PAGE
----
helmets cause water funnels. A hole is cut in the gutter
helmet and covered with a lath type gutter guard. This allows water to
enter from the kick out flashing. The downspout on the right indicates
the gutter is pitched toward the wall. The heavy volume of water from
this steep roof poured on this helmet and ran behind the wall.
roof intersections were counter
flashed with this pre bent roof apron.
They say on a steep roof like this, a 6/12 pitch, a counter flashing isn't necessary.
It is necessary on a 5/12 pitch or less.
Like they say about a little chicken soup,
it can't hurt. Or is that a little pasta?
were made to leak.
They only turned up the wall about an inch, and were put on OVER the EIFS, instead of behind it.
The faux slates are made from recycled tires.
They should last forever, or 50,000 miles, whichever comes first.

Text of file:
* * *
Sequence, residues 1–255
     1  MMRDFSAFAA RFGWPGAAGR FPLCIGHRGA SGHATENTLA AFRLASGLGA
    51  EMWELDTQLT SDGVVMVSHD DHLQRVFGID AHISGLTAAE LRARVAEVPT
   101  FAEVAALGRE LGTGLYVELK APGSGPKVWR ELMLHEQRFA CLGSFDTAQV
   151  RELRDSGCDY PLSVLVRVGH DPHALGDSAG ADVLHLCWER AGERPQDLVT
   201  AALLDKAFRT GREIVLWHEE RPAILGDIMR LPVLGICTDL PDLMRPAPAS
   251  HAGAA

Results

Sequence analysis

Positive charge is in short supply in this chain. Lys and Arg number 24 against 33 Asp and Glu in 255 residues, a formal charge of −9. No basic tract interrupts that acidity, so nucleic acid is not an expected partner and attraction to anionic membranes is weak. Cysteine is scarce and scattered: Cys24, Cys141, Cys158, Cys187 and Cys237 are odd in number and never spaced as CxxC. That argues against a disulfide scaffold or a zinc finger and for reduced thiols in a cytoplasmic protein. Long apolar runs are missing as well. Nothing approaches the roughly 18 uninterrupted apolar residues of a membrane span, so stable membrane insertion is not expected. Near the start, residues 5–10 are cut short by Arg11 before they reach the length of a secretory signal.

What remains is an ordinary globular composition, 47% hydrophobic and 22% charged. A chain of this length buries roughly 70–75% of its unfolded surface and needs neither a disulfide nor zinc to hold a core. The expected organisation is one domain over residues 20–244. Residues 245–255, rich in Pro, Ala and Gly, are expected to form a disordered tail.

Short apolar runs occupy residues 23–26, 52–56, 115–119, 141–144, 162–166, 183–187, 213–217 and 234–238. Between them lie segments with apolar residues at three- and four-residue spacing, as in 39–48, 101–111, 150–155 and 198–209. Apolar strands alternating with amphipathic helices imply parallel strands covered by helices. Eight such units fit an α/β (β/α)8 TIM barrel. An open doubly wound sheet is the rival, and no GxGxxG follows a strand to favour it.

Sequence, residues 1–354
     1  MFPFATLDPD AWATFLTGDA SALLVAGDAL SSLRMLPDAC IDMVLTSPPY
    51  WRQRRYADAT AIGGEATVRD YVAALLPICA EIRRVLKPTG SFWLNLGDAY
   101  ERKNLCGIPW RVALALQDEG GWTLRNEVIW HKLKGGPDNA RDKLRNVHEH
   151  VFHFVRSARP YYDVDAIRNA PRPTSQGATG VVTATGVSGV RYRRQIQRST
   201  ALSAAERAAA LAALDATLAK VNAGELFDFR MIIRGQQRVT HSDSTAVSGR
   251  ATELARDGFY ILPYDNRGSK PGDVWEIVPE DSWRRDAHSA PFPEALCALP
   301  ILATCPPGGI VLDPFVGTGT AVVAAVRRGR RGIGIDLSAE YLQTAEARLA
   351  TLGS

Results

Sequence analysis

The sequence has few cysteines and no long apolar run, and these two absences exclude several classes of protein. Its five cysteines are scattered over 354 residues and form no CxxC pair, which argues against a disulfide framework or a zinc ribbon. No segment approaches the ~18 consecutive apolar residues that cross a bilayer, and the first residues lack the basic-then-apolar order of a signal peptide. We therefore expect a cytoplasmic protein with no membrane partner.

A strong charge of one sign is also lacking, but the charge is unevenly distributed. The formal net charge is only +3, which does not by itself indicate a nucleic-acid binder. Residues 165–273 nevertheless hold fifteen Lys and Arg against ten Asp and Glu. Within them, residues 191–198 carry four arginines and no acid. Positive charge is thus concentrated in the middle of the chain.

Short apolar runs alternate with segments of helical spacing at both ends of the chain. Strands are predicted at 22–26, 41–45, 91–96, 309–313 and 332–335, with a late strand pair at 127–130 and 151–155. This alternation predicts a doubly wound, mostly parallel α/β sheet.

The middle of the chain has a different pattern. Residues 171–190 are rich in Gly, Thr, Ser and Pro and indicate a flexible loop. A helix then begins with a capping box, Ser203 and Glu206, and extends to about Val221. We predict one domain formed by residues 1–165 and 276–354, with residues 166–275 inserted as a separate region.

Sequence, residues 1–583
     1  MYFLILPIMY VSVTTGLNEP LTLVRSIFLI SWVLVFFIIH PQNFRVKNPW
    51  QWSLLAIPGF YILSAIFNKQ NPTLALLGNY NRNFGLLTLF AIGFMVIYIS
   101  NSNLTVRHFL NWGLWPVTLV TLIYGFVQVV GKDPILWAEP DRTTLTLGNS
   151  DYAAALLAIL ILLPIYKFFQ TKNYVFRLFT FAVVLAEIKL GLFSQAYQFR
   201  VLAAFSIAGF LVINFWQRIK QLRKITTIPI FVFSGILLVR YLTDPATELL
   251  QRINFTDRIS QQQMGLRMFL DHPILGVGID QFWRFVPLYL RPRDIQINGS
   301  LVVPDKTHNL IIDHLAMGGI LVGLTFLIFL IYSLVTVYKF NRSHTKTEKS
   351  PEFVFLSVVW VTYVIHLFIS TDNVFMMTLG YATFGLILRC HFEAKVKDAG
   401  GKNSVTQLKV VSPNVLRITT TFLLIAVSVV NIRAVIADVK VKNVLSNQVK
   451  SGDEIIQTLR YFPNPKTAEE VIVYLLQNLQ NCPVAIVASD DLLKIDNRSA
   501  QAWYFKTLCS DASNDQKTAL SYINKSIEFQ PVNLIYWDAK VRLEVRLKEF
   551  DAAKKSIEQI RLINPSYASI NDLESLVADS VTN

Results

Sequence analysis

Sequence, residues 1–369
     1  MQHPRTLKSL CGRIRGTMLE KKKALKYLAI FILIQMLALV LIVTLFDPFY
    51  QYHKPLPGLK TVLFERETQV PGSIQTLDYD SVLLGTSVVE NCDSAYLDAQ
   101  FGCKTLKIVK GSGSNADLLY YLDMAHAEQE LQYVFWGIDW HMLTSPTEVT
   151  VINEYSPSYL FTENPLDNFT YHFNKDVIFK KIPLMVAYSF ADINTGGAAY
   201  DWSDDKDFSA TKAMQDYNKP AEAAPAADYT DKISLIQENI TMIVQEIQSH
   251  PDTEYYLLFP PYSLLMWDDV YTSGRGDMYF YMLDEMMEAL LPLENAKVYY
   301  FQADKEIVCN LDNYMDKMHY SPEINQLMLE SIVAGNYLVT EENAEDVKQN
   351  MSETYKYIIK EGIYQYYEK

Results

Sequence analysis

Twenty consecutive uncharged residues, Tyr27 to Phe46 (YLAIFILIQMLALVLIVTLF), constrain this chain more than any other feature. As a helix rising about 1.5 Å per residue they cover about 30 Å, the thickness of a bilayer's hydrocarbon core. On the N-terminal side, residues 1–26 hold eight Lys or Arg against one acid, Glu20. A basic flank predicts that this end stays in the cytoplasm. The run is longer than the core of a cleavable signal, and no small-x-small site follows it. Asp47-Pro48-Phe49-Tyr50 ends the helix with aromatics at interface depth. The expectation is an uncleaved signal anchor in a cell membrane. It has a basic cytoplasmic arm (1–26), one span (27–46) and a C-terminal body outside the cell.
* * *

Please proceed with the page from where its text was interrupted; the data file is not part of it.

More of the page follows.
|We cut new step
flashings, put on a counter
flashing and a metal plaster stop.
When this is covered with 2 layers of tar paper, lath and 3/4" of stucco, it won't leak, I promise.
|Each step has a weep screed
covered with a strip of metal lath. Note how we cut masonite to cover the steps.
are a challenge to flash.
A cut is made about every inch to flex the
flashing. The flashing is then sealed with tape and a layer of tar paper.
electric meter. We
flashed the electric meter, too. Too bad these electric meters
are ugly battleship grey. Foxhole brown
would look better.
covered with plaster stop. We found these homemade chicken
ladders a safe way to scaffold dormers.
on the plywood ceiling with screws. Stucco ceilings are permanent.
the wall on this bay window to protrude below the ceiling,
preventing water from running back on the ceiling.
on with a coil nailer and 1-1/4"
the weep screed flange covered with a strip of metal lath.
Looks better already. Lath on, mortar next.
To go to the Brown coat page, click here.
To go to the details page, click here.
This project had plenty of interesting details. Please check back for the next update to see the finished project